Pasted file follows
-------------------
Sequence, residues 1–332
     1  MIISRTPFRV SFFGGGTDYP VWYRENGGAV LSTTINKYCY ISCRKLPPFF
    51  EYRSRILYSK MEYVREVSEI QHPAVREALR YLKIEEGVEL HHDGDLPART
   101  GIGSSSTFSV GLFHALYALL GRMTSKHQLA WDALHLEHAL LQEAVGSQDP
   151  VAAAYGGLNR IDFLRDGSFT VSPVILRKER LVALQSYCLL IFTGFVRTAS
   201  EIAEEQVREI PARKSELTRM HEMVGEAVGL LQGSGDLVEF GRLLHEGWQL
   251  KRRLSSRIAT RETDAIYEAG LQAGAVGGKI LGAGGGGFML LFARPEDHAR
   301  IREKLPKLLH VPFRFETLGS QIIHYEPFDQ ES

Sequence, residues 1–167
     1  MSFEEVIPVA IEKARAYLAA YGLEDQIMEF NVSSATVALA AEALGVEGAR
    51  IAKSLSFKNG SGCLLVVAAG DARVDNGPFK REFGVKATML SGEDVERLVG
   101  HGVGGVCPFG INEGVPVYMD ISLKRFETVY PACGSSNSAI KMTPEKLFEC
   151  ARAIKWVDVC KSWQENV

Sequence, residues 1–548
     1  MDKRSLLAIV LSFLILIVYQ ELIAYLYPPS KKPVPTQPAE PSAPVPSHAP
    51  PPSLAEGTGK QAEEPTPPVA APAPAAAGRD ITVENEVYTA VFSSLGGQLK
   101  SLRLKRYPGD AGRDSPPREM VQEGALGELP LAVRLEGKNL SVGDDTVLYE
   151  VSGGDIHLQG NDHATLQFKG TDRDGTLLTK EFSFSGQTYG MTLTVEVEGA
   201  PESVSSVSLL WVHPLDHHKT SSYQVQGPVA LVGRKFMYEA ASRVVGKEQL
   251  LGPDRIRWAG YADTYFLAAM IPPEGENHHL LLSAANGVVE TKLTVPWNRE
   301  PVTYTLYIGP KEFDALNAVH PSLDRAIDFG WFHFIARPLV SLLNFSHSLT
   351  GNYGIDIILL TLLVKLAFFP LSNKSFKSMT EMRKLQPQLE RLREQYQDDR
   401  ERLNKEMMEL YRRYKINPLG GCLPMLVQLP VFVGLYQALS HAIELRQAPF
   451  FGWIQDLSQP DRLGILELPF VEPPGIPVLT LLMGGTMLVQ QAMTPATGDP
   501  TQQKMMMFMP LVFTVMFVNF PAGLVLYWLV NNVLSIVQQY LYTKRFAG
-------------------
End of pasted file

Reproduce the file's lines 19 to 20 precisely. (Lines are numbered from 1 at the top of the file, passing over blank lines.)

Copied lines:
   201  PESVSSVSLL WVHPLDHHKT SSYQVQGPVA LVGRKFMYEA ASRVVGKEQL
   251  LGPDRIRWAG YADTYFLAAM IPPEGENHHL LLSAANGVVE TKLTVPWNRE